Endangered Bamboo Lemur [LiveScience 2008-04-03]
Endangered Bamboo Lemur
A young, highly endangered, Greater Bamboo Lemur (Prolemur simus) is held by its aunt in this image captured in Ranomafana National Park, Madagascar. The Greater Bamboo Lemur, one of the world's 25 most endangered primates, was first discovered in 1870, then thought to have gone extinct by the early 20th century, then was rediscovered in 1972. These lemurs have a highly specialized diet of giant bamboo plants, a low-energy food, so they spend much of their day eating, although scientists have yet to discover how the lemurs tolerate high concentrations of cyanide present in the plants.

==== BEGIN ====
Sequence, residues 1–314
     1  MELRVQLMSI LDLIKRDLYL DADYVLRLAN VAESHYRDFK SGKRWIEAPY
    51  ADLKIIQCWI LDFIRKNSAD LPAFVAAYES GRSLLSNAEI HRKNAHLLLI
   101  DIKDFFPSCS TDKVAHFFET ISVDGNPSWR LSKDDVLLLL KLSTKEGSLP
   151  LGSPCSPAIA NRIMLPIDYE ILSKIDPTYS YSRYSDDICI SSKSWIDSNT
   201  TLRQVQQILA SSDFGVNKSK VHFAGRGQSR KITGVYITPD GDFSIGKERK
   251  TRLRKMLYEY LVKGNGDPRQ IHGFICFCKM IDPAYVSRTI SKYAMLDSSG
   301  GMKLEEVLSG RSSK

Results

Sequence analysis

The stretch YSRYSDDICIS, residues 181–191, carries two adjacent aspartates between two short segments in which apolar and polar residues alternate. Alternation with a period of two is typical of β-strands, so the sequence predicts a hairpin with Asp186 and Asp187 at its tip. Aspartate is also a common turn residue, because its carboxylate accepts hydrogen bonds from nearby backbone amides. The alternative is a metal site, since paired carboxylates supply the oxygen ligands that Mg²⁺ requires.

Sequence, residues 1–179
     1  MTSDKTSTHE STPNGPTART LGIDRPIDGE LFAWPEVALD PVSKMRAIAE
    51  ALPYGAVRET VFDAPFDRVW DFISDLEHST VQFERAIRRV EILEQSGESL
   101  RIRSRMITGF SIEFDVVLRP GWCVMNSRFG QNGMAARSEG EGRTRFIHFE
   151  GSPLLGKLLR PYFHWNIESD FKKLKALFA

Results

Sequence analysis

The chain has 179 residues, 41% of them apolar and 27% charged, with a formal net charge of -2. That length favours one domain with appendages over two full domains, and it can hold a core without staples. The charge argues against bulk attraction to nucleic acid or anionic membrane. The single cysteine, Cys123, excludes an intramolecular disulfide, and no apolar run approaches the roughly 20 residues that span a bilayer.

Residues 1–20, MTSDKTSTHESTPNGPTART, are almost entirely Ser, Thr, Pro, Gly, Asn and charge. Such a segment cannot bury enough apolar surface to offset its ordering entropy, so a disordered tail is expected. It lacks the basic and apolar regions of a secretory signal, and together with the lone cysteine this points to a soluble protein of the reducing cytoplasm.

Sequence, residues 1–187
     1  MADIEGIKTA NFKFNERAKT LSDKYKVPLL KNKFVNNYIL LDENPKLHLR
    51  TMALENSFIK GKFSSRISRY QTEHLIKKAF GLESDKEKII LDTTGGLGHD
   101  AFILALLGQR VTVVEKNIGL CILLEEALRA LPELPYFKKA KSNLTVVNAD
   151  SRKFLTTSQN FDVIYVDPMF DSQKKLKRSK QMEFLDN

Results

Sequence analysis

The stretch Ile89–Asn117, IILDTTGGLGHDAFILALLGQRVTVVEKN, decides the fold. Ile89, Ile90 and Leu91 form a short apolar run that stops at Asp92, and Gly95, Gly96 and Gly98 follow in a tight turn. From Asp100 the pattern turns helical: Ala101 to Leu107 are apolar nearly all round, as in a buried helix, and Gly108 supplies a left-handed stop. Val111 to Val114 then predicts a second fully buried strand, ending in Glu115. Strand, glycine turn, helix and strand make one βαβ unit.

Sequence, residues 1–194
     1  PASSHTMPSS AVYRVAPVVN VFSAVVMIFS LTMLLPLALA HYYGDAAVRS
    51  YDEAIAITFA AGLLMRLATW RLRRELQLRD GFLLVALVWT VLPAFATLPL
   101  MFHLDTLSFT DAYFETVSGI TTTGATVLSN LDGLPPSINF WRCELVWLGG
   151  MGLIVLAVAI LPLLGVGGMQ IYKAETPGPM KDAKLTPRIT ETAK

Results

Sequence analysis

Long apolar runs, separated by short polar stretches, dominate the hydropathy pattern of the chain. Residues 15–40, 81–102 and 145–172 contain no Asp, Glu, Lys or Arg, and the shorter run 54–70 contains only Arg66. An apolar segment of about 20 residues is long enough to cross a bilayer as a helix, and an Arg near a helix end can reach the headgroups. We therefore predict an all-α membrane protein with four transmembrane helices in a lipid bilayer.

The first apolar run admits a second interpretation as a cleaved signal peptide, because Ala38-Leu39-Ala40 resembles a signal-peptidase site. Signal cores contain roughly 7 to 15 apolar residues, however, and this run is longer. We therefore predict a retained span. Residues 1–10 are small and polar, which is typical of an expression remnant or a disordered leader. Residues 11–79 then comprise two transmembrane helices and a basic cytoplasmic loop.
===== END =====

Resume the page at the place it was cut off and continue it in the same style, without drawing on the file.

Although the Greater Bamboo Lemur was once widespread in western, northern and central Madagascar, the species now only survives in a few small patches in the south-central portion of Madagascar's eastern rainforest, an existence threatened by the animal’s highly specialized diet, deforestation and hunting.
Credit: Steven Lonker, National Science Foundation